The second-faintest Herschel 400 object, according to the Astronomical League's data, is NGC 6369, with a visual magnitude of 14.0 given. A more recent visual magnitude is 11.4. The third- and fourth-faintest objects, according to the Astronomical League's data, are the planetary nebulae NGC 1501 and NGC 7008, both with magnitudes given as 13.5, but with recent visual magnitudes of 11.5 and 10.7 respectively.
I don't think the general nature of these differences is as well-known as it ought to be. Perhaps because the Astronomical League's tabulation is commonly used as a reference for magnitudes of the Herschel 400, that list is often believed to be a difficult challenge, containing objects beyond magnitude 14. Yet in fact, its faintest visual magnitudes seem two magnitudes brighter. Other things being equal, that correction corresponds to a reduction by 60 percent—a factor of 2.5—in the clear aperture (diameter) required to see all the objects on the list. Thus visual observers should take heart, for the Herschel 400 list seems much more accessible to them than is widely believed.
"AL" magnitudes are from Astronomical League data, "recent" ones are visual magnitudes from several newer catalogs. The table includes all H-400 objects with "AL" magnitude 12.5 or fainter, and all those with no "AL" magnitude. For some entries with no "recent" magnitudes, I have added blue or photographic magnitudes as comments. See text and footnotes for citation of sources.
|NGC#||Type (1)||m1 (AL) (2)||m2 (recent) (2)||Comments|
|2024||DfN||—||—||"Flame Nebula" or "Tank Tracks"|
|2371||PlN||13.0||11.2||for NGC 2371 and 2372 combined|
|2372||PlN||13.0||—||see NGC 2371|
|2479||OCl||—||—||9.6 (4), 10 (5)|
|3619||Gal||12.5||—||blue magnitude 12.6 (3)|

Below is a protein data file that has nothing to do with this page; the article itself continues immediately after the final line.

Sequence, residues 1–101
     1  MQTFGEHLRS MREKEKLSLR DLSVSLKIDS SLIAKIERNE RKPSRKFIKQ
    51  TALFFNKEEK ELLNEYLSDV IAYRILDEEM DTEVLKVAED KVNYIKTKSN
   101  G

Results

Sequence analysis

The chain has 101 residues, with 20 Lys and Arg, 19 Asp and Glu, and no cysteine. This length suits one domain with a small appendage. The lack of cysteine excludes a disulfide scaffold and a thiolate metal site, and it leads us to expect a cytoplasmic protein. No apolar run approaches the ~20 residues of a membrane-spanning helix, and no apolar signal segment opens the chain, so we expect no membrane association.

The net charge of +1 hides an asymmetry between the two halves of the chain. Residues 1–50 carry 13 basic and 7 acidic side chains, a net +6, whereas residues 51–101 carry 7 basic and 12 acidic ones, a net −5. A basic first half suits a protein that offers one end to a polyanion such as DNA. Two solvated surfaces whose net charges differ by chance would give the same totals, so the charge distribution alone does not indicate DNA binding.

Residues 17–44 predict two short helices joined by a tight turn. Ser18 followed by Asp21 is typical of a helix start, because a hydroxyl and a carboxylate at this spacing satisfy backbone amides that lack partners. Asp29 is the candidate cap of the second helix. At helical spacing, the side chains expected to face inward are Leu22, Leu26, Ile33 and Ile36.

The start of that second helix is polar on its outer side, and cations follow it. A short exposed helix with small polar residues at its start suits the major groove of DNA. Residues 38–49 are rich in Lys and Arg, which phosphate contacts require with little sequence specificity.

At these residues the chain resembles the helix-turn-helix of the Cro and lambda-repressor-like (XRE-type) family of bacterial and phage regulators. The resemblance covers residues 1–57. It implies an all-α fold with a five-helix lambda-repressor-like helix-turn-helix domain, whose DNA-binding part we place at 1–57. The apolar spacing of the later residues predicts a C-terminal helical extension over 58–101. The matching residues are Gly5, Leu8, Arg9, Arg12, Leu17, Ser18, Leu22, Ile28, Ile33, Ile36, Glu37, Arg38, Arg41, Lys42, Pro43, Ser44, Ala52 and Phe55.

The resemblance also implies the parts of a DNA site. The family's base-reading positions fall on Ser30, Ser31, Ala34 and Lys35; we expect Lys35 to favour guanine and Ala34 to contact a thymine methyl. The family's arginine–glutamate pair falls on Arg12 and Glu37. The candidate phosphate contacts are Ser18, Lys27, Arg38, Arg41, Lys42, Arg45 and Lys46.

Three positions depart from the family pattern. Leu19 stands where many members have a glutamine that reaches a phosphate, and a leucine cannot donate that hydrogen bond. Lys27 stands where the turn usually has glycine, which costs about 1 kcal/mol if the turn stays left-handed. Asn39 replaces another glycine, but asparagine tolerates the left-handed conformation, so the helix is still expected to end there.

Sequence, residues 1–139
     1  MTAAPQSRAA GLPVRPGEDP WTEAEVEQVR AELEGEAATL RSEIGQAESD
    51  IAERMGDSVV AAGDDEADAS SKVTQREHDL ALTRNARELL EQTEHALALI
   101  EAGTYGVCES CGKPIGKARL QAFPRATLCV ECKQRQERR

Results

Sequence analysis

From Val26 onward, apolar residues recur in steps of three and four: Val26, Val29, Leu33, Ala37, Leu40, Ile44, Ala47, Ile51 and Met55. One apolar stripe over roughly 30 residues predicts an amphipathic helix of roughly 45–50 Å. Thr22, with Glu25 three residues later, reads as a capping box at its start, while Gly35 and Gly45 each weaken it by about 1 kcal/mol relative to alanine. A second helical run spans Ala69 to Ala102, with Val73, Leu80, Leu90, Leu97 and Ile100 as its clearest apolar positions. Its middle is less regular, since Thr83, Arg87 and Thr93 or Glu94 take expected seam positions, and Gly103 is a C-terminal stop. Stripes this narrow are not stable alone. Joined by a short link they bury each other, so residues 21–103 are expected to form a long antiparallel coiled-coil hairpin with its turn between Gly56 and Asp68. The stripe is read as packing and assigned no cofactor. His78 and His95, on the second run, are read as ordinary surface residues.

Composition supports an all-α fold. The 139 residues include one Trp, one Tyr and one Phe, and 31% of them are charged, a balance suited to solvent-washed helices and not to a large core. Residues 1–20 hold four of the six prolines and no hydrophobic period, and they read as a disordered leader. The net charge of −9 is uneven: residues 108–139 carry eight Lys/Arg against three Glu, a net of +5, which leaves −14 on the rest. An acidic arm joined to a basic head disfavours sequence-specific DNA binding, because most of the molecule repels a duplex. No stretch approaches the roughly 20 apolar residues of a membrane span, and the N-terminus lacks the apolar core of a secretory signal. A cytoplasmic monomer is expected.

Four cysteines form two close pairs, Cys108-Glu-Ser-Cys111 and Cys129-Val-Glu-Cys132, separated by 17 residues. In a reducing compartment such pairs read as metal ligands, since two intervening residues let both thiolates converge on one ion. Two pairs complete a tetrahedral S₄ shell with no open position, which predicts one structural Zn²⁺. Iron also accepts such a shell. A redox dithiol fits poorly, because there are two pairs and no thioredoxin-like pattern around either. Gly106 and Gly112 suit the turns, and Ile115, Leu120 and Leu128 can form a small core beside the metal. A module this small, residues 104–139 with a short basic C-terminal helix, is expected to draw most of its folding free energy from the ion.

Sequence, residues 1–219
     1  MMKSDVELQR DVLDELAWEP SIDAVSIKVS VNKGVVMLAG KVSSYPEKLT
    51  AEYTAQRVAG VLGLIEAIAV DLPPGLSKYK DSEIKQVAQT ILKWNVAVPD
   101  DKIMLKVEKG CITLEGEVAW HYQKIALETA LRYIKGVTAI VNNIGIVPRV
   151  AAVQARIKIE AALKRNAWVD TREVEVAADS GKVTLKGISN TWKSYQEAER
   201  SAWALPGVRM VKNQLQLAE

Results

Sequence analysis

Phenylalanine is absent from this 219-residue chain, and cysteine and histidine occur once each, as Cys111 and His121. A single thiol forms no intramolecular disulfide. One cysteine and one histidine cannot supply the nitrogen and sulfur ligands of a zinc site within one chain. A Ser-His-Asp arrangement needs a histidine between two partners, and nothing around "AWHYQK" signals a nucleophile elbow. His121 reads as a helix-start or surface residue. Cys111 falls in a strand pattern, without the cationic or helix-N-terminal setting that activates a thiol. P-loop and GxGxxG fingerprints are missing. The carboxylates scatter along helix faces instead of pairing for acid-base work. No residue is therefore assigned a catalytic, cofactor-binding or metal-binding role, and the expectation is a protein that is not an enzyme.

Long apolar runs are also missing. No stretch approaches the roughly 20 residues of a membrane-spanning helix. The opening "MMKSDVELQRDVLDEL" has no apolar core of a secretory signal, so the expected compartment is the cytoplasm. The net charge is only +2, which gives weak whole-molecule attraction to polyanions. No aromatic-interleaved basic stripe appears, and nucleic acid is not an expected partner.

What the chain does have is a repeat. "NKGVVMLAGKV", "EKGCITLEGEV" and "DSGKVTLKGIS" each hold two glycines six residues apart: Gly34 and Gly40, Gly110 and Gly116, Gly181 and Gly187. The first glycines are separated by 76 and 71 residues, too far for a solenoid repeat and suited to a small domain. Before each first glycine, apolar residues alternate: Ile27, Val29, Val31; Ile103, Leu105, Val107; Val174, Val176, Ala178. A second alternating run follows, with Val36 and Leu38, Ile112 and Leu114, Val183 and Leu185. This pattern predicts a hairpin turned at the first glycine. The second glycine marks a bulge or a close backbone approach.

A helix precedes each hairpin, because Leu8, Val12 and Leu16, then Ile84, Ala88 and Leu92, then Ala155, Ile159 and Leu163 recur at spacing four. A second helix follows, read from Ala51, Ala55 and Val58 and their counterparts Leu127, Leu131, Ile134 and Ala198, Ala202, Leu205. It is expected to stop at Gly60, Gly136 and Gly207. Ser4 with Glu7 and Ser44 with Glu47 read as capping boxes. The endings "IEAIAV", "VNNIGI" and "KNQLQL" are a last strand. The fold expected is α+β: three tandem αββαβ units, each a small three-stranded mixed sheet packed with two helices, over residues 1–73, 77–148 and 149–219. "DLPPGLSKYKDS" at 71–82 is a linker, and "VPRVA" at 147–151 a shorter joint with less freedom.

|3912||Gal||13.0||—||blue magnitude 13.06 (3)|
|3982||Gal||12.5||—||blue magnitude 11.74 (3)|
|4102||Gal||12.5||—||blue magnitude 12.3 (3)|
|4143||Gal||12.5||—||blue magnitude 12.1 (3)|
|4346||Gal||12.5||—||blue magnitude 12.18 (3)|
|4800||Gal||13.0||—||blue magnitude 12.3 (3)|
|4845||Gal||12.5||—||blue magnitude 12.10 (3)|
|5631||Gal||12.5||—||blue magnitude 12.50 (3)|
|6540||OCl||14.5||—||14.6 (4), 15 (5)|
|7000||DfN||—||—||North American Nebula|
The abbreviations are: C/N—cluster with nebula; DfN—diffuse nebula; Gal—galaxy; GCl—globular cluster; OCl—open cluster; PlN—planetary nebula.
The exact nature of a few of these objects possibly differs from the types listed, which are as the Astronomical League provided; however, I shall not address those issues here.
m1: Magnitude provided on the Astronomical League's Herschel 400 web pages as of 3 April 1999. These data are stated to be visual magnitudes, though quite old.
m2: Visual magnitude from more recent compilations, generally from
Sky Catalog 2000.0, Volume 2, 1985. Alan Hirshfeld and Roger W. Sinnott, eds. Sky Publishing. Sky Catalog 2000.0 did not give visual magnitudes for planetary nebulae, so I obtained those from
Planetary Nebulae, 1991. Steven J. Hynes. Willmann-Bell.
For objects other than planetary nebulae, and for which Sky Catalog 2000.0 gave no visual magnitude, I added a blue magnitude from that same source, if one was given.
The magnitude given is a photographic magnitude provided by Sky Catalog 2000.0, with wavelength band specified only as "photographic".
The magnitude given is a photographically determined blue magnitude, given in NGC 2000.0 (1988, Roger W. Sinnott, Sky Publishing). This source gives photographic blue magnitude values only to the nearest magnitude.
Copyright (c) 1999 Jay Reynolds Freeman